Home Reviews Language, nature, love and grief—What Willow Says

Language, nature, love and grief—What Willow Says

What Willow Says|Lynn Buckle|Époque press, 2021|ISBN 9781838059286|£7.99

by Eoghan Smith

What Willow Says, the second novel by writer and artist Lynn Buckle, is a contemplative and lyrical exploration of the intersections of language, nature, love and grief.

Set in the boggy Irish midlands over the course of a few months, the book centres on the tender relationship between a grandmother and her deaf granddaughter, who she is raising following the death by drowning of the girl’s mother.

The story, structured as a series of diary entries that each record the wind speed, weather and general outlook, is told from the grandmother’s perspective as she completes an illustrated project called ‘A Visual Compendium of Native and Non-Native Trees’ and grapples with learning sign language to better communicate with her granddaughter. 

Although What Willow Says is a short book, coming in at just over one hundred and sixteen pages, there is a density to the prose that both requires and rewards patience and slow, careful reading. 

The novel invites us to stop, to see, to notice, to listen. Recordings in the diary entries focus on particular events, such as the noise of walking over a forest floor or the auditory experience of the air moving through pine trees:

            “…the secret talk of coniferous trees is in their collective quiet, bedded deeply in insulating          floors of browned needles. Even the pines’ cracked bark serves to dampen down and slow the         travel of sound. Until the wind arrives. It doesn’t so much as slough through the sedentary         boughs, as hiss and swish and slither sideways. It hits in sneaky whistles and is gone as soon            as I can find it.”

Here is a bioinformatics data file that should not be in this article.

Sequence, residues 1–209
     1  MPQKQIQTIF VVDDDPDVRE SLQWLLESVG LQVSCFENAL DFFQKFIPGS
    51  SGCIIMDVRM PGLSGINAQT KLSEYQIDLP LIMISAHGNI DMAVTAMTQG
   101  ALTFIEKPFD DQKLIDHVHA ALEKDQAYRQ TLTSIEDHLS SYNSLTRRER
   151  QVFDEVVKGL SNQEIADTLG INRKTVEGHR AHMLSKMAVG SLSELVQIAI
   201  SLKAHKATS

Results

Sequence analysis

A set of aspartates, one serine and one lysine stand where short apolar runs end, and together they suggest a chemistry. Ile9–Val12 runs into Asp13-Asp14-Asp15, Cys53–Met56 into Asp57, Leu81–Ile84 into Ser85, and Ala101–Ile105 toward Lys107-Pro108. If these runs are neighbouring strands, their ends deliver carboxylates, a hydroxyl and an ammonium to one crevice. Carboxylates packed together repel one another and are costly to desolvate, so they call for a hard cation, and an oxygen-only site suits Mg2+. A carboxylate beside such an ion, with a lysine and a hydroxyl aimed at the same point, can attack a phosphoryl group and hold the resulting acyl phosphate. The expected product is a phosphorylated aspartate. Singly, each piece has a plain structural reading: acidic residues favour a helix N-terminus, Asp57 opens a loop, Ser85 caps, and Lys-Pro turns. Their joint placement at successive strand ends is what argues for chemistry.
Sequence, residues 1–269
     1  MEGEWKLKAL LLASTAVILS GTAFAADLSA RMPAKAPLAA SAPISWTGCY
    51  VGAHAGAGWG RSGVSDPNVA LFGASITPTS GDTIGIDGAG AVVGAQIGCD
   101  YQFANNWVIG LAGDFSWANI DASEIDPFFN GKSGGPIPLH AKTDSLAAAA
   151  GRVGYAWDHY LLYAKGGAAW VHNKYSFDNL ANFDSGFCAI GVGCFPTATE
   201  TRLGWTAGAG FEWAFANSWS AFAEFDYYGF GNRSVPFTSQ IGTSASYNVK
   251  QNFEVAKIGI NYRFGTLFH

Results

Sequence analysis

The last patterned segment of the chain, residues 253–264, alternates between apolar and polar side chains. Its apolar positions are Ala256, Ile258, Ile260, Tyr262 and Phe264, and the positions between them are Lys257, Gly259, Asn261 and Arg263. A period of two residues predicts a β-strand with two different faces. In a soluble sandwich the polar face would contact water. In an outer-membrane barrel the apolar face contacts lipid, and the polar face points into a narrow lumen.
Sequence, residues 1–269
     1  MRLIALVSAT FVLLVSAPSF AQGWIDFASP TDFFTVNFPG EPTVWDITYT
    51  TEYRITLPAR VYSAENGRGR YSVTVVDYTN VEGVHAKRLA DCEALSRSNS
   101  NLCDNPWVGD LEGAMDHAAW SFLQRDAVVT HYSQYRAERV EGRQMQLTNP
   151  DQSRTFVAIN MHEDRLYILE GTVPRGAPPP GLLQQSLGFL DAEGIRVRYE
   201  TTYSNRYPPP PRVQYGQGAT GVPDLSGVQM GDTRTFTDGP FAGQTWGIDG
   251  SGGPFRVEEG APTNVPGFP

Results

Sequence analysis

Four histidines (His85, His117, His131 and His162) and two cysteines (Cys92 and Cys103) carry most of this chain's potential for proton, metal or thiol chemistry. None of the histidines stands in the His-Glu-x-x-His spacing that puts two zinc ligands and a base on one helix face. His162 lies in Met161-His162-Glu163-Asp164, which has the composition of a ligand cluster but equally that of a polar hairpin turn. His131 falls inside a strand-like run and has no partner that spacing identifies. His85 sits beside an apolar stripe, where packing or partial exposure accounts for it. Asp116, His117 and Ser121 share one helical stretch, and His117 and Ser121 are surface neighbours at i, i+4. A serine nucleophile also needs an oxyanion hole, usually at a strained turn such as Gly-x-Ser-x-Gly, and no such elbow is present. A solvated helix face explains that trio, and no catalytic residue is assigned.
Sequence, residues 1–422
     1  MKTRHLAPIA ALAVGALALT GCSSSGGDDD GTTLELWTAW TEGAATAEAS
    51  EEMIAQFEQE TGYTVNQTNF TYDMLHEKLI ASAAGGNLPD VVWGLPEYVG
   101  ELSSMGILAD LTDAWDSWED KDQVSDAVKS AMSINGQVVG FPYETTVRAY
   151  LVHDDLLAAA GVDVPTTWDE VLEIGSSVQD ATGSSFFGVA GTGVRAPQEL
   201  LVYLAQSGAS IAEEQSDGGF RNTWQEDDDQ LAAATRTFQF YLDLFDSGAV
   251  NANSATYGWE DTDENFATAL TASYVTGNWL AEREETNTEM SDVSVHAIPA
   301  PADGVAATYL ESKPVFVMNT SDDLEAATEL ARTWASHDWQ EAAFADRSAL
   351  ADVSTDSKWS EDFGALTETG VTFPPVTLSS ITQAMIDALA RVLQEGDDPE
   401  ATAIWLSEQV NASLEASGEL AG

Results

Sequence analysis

In such alliterative, rhythmic passages – and the novel is textually layered with such – attention is drawn not just to our sensory experience, but also how our senses mediate the world to us and how that world is then communicated.


And here language attains a vital, or perhaps, intensified significance. What Willow Says is overtly a celebration of the richness of languages within the compass of the novel: English, Sign, and to a lesser extent, Irish. Yet Buckle is a writer who is interested not just in the sound, visuality, texture, shape and function of language, but also the idea of it, its elusiveness, limitations and innumerable possibilities for expression and discovery.

She is a deft and observant writer, unafraid to let the pace almost deaden, to let stillness fall over a scene, to orientate the reader’s eye to the sound and shape of words in the mouth or on the hands.

The frame of language is expanded beyond the human out into the environment around us, into the bogs, the forests, the animals. Nature too, as Buckle has explained, is ‘a heuristic device and vehicle for communication’.[1]

Everywhere, the landscape is saying things, if one only takes the time to learn the language. This is a fundamentally ethical idea, encapsulated in the title of the novel, and one that is beautifully portrayed in the frequent images of the grandmother and granddaughter trying and sometimes failing to capture the sounds of the wind soughing through the trees.